Skateboarding legend says drug testing would sink sport at 2020 Tokyo Olympics

An Australian skateboarding great has raised doubts over the inclusion of the sport in the 2020 Tokyo Olympics, saying drug testing could prove a problem.

The International Olympic Committee has announced five sports will be added for the Tokyo games.

One of the sports added will be skateboarding, with 80 athletes set to make their Olympic debut.

Australian skateboarding legend Tas Pappas become number one in the world at the 1996 World Championships.

He has raised doubts over drug testing and how it might affect athletes' performances at the Olympics.

"I'm wondering how it's going to work as far as the drug testing is concerned, because some guys skate really well on weed and if they have to stop smoking for one competition (the Olympics) it might really affect their performance," he said.

"I truly believe you do better sober, but I've known guys who couldn't skate unless they were stoned, so I don't know how it's really going to work," Pappas said.

The X Games is the most mainstream competition for skateboarders, but unlike in the Olympics competitors at the X Games are not drug tested, which has drawn criticism from the IOC president Thomas Bach.

Pappas believes the Olympics could turn a lot of athletes off competing.

"As far as the skate community is concerned, for a lot of people it will seem cheesy. This country verses that country is not the unified skate culture," he said.

"When you meet a bunch of skaters you don't feel like it's us verses them, it's just a bunch of guys getting together and want to have a skate."

Those concerns were echoed by the Director of Skateboarding WA, Ben Bowring.

"There will definitely be some skateboarders that are keen to go to an Olympics, but as a majority the Olympics will not be a pinnacle for skateboarding; skateboarding is the pinnacle for skateboarding," he said.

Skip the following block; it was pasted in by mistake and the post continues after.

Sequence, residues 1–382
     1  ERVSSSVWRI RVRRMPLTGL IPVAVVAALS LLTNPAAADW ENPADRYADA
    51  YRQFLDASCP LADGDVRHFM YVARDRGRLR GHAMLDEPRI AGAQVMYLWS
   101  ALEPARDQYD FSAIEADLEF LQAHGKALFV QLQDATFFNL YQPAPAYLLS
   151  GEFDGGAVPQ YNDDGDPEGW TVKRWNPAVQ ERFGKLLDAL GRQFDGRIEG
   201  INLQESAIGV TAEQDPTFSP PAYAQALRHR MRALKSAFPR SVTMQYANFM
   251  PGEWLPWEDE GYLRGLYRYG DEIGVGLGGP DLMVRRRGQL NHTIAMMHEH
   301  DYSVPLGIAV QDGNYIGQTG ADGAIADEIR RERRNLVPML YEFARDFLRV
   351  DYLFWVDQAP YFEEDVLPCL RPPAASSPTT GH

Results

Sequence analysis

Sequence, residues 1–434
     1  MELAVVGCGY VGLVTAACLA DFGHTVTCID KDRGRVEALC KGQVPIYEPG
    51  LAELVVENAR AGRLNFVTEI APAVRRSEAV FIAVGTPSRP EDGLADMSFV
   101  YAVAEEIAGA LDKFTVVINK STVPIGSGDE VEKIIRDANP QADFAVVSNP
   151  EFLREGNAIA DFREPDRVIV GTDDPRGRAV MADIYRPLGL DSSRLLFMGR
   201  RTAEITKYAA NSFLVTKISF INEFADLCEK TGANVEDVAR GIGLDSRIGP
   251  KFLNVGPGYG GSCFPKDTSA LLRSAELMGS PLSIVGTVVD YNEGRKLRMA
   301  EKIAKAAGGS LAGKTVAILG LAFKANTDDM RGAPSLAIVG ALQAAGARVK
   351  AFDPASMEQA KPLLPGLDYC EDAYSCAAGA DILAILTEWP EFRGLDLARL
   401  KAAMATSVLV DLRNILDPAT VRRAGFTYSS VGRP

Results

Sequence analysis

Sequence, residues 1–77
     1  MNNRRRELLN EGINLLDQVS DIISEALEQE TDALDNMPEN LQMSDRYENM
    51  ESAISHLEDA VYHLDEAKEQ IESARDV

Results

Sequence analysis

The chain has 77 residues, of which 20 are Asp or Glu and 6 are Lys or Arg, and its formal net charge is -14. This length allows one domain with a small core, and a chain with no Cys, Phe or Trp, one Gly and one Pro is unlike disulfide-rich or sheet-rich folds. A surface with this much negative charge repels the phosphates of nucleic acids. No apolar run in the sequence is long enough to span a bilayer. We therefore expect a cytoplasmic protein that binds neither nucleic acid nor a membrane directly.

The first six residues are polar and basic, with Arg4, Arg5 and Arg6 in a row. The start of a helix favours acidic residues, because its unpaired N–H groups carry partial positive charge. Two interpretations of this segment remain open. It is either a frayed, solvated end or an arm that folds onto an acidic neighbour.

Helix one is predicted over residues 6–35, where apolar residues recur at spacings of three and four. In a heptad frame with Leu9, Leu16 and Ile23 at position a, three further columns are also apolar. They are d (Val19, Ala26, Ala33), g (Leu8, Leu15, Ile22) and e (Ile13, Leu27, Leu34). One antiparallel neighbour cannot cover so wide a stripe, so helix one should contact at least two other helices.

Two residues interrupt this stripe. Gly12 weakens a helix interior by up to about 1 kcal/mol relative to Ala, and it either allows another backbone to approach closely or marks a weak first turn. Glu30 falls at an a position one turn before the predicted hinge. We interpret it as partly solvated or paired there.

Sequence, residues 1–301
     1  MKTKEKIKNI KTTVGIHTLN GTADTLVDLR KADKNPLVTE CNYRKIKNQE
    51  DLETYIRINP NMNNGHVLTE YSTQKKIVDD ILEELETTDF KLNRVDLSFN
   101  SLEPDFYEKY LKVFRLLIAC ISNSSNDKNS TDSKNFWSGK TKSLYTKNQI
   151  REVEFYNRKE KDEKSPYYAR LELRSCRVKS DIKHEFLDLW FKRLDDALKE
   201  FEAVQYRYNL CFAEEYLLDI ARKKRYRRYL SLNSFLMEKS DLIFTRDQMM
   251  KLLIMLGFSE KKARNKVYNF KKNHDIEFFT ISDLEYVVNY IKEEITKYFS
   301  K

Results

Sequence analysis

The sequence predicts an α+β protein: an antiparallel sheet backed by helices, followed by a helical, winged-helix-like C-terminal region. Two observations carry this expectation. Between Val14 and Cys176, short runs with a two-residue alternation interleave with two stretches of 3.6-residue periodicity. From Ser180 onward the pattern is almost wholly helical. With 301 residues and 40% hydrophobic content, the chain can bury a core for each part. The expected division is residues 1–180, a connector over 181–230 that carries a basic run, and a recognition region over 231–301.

Skateboarding medal hopes

The US has dominated the skateboarding scene in recent years thanks to the construction of elite skate parks and Summer X-Games competitions taking place there.

However, Mr Bowring suggested Australia could do quite well in skateboarding at the Olympics.

"We've got some extremely amazing skateboarders that have come out of Australia," Mr Bowring said.

The rich skateboarding history is evident in the regional city of Albany on Western Australia's south coast.

Albany claims to have the second oldest skate park in the world, the Snake Run, which was built in 1976 and recently received state heritage listing.

"Australia's skateboarding culture is really positive, it's very creative, free and open," Mr Bowring said.

But despite the rich history, Pappas said that in order to be competitive with the Americans, Australian governments needed to start investing in proper skate parks and facilities.

"How many countries actually even have access to the proper skate parks? It's going to be pretty unfair for quite some time if you have skateboarding at the Olympics when America is the one with all the facilities," he said.

ABC Australia